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American Legion National Commander stops in Morris

American Legion National Commander Fang Wong (right) goes through the dinner line at the American Legion in Morris before his speech on Tuesday, Feb. 7. In his presentation, Wong spoke about the budget challenges facing the Departments of Defense and Veterans Affairs and the need for ongoing support for young veterans who are returning home.2 / 3
American Legion National Commander Fang Wong spoke to a group of about 60 people at the American Legion in Morris on Tuesday, Feb. 7. In his presentation, Wong spoke about the budget challenges facing the Departments of Defense and Veterans Affairs and the need for ongoing support for young veterans who are returning home.3 / 3

MORRIS, Minn. - United States veterans, who make up between seven and eight percent of the U.S. population, should not be expected to sacrifice more through federal budget cuts to the Departments of Defense and Veterans Affairs, American Legion National Commander Fang Wong told a group of more than 60 veterans and local residents over dinner at the American Legion in Morris on Tuesday.

Wong's stop in Morris was part of a four-day Minnesota tour that took him from Fairbault to Chanhassen, along with Department Commander Chuck Kruger, Membership Director Denise Milton, and Adjutant Randy Tesdahl.

"The goal [of the tour] is really simple," said Wong, "to have the opportunity to get together with the local Legionnaires and let them know a little bit about me and have a chance to meet and find out their concerns, what I can help them with or answer."

Wong was born in Canton, China, and immigrated to the United States with his family in 1960 as a 12-year-old by. Three years later, Wong became a naturalized citizen. Wong joined the U.S. Army in 1969 and served for 25 months in Vietnam. After a long career in the Army, Wong retired as a chief warrant officer in 1989 and from his position at L-3 Communications in 2011.

Wong is a member of the Lt. B.R. Kimlau Chinese Memorial Post 1291 in New York, and was elected National Commander in September 2011 at the American Legion National Convention in Minneapolis.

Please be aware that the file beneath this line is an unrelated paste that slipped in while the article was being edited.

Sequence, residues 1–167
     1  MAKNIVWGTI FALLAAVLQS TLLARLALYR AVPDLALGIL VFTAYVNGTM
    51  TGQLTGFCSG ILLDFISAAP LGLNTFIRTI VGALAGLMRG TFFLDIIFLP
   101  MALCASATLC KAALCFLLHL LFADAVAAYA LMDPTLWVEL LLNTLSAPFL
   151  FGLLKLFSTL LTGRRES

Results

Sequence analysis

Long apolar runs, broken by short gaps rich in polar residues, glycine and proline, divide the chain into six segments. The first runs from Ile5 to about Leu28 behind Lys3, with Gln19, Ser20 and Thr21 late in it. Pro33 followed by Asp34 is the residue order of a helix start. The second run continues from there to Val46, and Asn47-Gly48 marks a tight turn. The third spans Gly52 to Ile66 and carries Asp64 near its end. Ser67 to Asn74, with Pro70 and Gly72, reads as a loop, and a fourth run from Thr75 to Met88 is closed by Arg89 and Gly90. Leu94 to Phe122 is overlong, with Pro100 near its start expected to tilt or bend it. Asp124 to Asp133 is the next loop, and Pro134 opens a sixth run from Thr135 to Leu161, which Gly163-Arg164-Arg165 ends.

Speaking off-the-cuff and answering questions from the audience, Wong spent much of his presentation discussing some of his concerns about the federal budget and how required cuts will impact spending on veterans services and national defense.

Although the Department of Veterans Affairs budget is at an all-time high, after seeing increases under former president George W. Bush, Wong said the budget doesn't accurately reflect the number of veterans in need of services because the budget is based on the number of registered veterans (about five million) rather than the actual number of veterans in the United States (more than 20 million).

When talking to politicians, Wong said he has repeatedly heard that the the national budget is in bad shape, and that all organizations, including the Department of Defense and VA will need to come to the table and make sacrifices. He said Sen. John McCain told him organizations would need to draw a line in the sand to know at what level to defend the organizations' funding.

"I looked at him and basically said, 'Senator, I don't know and I don't think you know what the sandbox looks like, so how do you expect me to draw a line in the sand? I can't.'" said Wong.

A month later, the National Executive Committee of the American Legion passed Resolution No. 1, which said the American Legion would not accept any more defense cuts, Wong said.

"We drew the line in the sand at that time," said Wong. "We wanted to hold the line. That's our line."

Wong also expressed concern about aging equipment and military technological development. On one recent visit to a military base, Wong said he was given a look at the military's top spy plane, which was first produced back in 1980.

"If we don't stay on top of it, other people in the world will get caught up," said Wong. "We don't have the next battle tank coming along the line," said Wong. Those are the things that people may not be aware of. Those are the things we need to be very concerned about - whether or not we're losing our competitive edge of being a power that other nations fear."

In addition to supporting a strong national defense, Wong emphasized that it is important to maintain services for veterans who have returned from service.

"The other concern, obviously, is how to take care of the young warriors when they come home," said Wong. "That is a big concern for us, not just for us, it should be a big concern for the whole nation. If we don't take care of that, it will add a lot more problems to the problems we're facing now."

"The American Legion is here for veterans," Wong added. "We're here to offer our service and support for veterans, of all generations."

Kim Ukura

Kim Ukura began working at the Farmington/Rosemount Independent Town Pages in August of 2016. Previously, she served as the editor of the Morris Sun Tribune for five years. She graduated from the University of Minnesota, Morris in 2008 with degrees in English and journalism. She earned a master's degree in journalism from the University of Wisconsin, Madison in 2010. Prior to returning to Morris to work at the Sun Tribune, she worked in trade publishing. She has been recognized by the Minnesota Newspaper Association for human interest, multimedia, business and public affairs reporting. 

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